Oberlin-in-London Blogs

Cold War Spies
››› April 1, 2012 | Posted By Arielle Swernoff '14

Last week was spring break, which has definitely been one of the high-water marks of my semester so far. I was traveling with a friend and fellow blogger, Logan Buckley, and we more or less at random chose three cities to see: Berlin, Prague, and Budapest. It was incredible, and made even more so when I discovered that our route is the exact one that Western spies took when defecting to the Soviet Union.

Our trip, however, was purposefully apolitical. The previous weekend, our class had traveled to South Shields to learn about the coal miners' strike of 1984-1985, the decline of union power in Britain, and some of the institutions of the welfare state. It was a fantastic but very full weekend, and it topped off six weeks of intense academic study of social class. After that, I was ready to take a break from discussing class and gender and explore Eastern Europe. Some of the highlights of my journey:

- In Berlin, a German art student showed us around an exhibit he and his friends had installed in an empty room on the fourth floor of an office building near the Kurfurstendamm U-Bahn station. The theme of the exhibit was "Berlin ist . . ." ("Berlin is . . .") and it was a wonderful introduction to the city, as seen through the eyes of the young people who live there. The students were also preparing lunch, and we ate waffles with them as we looked out of the window of their gallery towards a march going on in the street.

- In Prague, we warily went to a traditional Czech restaurant and ordered pickled cheese, pork and cabbage, and dumplings. I was a little wary, to be honest--Eastern Europe isn't exactly known for its food--but it was delicious. I didn't know it was possible to make cabbage taste that good.

- In Budapest, we stayed with a friend's sister, and I loved getting to know her and her housemates. They were all from Germany studying medicine at a Hungarian university. One evening, they invited us to join them for a barbeque at their friend's apartment. I don't speak a word of German, and though they all spoke excellent English, it was more comfortable for them to converse in their first language. Although everyone around us was speaking a language I couldn't understand, it was one of the most fun barbeques I've ever been to.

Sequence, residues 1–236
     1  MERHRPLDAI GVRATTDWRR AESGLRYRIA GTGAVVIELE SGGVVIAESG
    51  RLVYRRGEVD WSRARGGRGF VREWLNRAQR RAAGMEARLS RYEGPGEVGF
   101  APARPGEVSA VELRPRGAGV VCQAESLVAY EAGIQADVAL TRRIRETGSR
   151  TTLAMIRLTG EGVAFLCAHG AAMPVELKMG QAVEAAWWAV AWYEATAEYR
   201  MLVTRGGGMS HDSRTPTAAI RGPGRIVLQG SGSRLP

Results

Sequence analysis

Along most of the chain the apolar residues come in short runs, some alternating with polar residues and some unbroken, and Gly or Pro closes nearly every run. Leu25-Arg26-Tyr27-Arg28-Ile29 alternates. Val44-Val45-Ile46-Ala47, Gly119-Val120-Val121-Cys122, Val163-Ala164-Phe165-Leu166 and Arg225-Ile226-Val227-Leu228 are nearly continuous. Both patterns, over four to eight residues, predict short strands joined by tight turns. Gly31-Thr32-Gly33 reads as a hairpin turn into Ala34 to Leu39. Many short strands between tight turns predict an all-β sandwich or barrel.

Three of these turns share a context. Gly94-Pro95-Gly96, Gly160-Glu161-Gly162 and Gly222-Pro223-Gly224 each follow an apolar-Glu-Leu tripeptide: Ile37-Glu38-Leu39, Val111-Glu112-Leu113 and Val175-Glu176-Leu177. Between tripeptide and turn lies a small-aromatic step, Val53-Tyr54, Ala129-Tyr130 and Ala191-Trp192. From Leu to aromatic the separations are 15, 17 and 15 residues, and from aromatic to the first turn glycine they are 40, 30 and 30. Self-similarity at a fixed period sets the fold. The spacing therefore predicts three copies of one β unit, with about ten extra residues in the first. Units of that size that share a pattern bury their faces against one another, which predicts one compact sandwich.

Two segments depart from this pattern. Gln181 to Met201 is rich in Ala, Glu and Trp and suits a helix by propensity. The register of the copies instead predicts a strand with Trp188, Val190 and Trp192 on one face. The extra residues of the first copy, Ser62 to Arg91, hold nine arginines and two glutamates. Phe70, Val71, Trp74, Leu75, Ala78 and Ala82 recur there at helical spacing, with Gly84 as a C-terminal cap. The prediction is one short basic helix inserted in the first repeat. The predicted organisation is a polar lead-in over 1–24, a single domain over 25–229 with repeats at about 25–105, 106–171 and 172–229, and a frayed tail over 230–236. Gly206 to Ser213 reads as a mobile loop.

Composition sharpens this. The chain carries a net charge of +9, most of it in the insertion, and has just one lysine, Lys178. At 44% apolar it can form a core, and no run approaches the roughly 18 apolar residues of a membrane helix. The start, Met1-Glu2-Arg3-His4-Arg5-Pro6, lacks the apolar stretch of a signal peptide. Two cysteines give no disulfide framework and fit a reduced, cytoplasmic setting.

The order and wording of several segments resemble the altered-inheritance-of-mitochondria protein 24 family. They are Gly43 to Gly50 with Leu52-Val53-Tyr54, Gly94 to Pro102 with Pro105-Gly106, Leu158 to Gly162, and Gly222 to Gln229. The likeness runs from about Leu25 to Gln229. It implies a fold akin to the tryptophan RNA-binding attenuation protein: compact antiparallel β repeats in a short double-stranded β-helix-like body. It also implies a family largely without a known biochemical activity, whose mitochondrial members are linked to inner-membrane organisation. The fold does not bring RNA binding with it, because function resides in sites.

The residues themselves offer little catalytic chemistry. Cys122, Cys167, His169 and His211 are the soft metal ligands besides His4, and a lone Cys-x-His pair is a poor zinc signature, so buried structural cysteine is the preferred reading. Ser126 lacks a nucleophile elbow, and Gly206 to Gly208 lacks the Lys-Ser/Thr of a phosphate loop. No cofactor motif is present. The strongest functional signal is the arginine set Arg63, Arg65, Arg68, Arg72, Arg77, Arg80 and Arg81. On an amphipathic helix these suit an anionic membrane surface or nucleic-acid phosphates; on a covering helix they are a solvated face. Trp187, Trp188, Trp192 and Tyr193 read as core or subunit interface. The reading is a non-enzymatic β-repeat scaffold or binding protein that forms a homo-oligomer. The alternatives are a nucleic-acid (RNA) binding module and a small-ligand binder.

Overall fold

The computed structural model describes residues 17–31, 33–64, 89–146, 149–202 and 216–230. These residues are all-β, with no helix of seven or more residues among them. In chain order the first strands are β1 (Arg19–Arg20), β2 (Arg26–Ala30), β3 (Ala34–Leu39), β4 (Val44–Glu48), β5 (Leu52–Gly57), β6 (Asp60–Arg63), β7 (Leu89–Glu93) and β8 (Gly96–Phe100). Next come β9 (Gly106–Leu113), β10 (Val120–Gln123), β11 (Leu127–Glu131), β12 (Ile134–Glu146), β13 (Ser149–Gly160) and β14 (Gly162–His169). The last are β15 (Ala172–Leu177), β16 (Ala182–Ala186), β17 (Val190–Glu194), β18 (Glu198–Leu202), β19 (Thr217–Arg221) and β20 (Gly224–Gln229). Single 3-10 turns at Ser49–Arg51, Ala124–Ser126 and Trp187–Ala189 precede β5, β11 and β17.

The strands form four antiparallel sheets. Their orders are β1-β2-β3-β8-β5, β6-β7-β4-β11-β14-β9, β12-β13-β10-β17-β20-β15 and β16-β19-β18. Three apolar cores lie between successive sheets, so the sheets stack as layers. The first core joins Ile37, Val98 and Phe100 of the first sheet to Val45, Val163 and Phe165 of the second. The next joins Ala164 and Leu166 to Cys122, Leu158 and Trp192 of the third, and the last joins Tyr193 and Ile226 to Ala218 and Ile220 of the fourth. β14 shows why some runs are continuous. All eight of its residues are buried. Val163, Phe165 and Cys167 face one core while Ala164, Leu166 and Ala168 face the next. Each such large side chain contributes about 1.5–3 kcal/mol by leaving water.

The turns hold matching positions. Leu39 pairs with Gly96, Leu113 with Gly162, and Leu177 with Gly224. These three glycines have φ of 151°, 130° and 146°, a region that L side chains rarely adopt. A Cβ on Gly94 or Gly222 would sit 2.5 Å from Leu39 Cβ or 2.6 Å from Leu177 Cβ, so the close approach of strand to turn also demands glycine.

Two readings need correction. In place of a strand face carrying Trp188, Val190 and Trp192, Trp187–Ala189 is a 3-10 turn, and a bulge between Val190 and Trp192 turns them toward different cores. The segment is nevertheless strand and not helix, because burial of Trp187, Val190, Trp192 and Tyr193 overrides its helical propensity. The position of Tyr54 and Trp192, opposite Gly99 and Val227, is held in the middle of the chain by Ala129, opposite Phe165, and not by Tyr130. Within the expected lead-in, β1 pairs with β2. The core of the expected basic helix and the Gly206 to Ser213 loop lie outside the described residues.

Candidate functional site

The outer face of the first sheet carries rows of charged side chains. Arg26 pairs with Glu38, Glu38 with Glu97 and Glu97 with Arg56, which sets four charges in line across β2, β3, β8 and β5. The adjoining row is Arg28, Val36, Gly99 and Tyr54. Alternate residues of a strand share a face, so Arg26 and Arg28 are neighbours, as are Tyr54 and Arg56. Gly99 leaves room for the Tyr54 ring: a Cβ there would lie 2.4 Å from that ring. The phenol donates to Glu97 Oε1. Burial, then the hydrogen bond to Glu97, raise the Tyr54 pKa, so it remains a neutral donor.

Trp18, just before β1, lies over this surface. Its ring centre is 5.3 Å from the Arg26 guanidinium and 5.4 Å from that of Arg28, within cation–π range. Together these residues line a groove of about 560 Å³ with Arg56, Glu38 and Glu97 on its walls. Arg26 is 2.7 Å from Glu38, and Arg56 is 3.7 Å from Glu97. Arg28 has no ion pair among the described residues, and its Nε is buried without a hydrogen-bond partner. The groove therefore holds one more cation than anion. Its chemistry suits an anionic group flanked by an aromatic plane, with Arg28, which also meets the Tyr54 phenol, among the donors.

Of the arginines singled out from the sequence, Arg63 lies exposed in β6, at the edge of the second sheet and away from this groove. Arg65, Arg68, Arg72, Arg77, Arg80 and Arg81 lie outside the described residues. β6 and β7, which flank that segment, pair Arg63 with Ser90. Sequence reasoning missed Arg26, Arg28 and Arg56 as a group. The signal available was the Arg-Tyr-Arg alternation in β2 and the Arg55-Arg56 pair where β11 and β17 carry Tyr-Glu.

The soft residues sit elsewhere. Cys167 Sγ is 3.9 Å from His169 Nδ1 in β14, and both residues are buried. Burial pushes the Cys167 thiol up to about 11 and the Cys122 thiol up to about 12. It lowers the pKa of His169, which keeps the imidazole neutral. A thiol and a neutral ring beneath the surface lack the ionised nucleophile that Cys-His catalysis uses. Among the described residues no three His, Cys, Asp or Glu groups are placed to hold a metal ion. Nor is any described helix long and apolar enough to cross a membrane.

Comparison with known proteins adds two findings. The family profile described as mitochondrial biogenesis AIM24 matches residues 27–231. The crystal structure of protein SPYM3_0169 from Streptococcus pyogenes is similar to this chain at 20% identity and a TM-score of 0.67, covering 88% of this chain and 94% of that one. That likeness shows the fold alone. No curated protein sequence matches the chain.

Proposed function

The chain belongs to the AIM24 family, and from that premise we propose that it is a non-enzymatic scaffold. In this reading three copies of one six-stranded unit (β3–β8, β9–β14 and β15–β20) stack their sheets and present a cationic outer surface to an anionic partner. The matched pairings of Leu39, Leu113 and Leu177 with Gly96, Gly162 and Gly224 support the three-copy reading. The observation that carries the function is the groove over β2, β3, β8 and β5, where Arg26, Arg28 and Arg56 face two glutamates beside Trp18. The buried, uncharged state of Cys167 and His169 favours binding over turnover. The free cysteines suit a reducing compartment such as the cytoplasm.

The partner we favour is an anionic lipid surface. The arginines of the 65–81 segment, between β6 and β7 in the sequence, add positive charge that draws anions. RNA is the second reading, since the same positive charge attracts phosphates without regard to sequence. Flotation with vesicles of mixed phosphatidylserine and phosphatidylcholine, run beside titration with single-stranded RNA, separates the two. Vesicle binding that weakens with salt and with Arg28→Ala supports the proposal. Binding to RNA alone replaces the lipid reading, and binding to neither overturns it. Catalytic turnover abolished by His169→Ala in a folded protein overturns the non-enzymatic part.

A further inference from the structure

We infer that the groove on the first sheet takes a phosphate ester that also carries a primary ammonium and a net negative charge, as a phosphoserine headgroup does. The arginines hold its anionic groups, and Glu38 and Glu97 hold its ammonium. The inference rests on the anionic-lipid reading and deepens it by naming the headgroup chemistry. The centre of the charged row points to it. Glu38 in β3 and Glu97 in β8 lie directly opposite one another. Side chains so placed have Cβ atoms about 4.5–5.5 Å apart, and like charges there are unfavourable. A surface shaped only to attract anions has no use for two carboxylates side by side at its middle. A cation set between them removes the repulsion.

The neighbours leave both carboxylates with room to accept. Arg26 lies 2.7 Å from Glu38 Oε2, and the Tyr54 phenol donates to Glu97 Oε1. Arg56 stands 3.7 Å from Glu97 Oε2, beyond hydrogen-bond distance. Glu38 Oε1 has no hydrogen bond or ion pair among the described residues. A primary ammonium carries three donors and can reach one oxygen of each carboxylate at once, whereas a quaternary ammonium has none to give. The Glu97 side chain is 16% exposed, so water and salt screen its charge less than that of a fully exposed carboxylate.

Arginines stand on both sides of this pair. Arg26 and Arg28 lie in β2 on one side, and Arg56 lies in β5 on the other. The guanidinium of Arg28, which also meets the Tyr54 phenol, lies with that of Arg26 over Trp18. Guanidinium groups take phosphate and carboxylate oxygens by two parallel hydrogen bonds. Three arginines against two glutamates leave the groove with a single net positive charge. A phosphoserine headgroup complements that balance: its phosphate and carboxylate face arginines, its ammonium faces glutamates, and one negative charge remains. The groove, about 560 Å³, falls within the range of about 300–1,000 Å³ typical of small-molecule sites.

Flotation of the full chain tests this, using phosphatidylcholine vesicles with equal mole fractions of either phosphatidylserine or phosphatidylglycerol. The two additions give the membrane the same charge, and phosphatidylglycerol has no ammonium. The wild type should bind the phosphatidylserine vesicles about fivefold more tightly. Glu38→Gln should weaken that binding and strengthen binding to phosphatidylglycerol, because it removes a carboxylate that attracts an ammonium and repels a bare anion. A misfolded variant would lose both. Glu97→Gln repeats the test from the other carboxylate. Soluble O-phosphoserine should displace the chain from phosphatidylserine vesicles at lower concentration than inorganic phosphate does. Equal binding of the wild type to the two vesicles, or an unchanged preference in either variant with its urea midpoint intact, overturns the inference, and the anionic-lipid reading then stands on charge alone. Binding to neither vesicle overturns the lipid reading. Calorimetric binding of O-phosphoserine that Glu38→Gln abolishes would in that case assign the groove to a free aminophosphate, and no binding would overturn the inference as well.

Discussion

In each city, too, we ended up spending an afternoon in a public park. I have a tendency to be drawn to outdoor spaces when I travel, since they feel so much more familiar than other parts of a foreign city. As one of my fellow London-ites said, "Everywhere's got grass and trees," which, although not strictly true, is a comforting thought in an unfamiliar place. In my first weeks in London, I often found myself in parks on the weekends--Green Park and St. James's Park, which are near Buckingham Palace, as well as farther-out and more extensive spaces, like Hampstead Heath and Richmond Park. This is one thing that London has over other cities: it has huge amounts of public green space.

There are a number of reasons for this. A lot of the parks were royal lands and used for things like hunting, and there were also historical bans against developing certain areas around the then-city. In any case, though, I love London's parks. Being in a city is wonderful and exciting and I love it to death, but I usually find myself noticeably relaxing when I'm in a park. The park in Berlin had a zip-line, too.

And, lest Marc Blecher read this post, our journey was not without analysis. We talked a lot about history and identity, and I feel recharged and ready to once again dive into class.

Responses To This Entry:

I'm disappointed – you were supposed to take a week off from analysis! :-)

Posted by: Marc Blecher on April 3, 2012 12:05 PM

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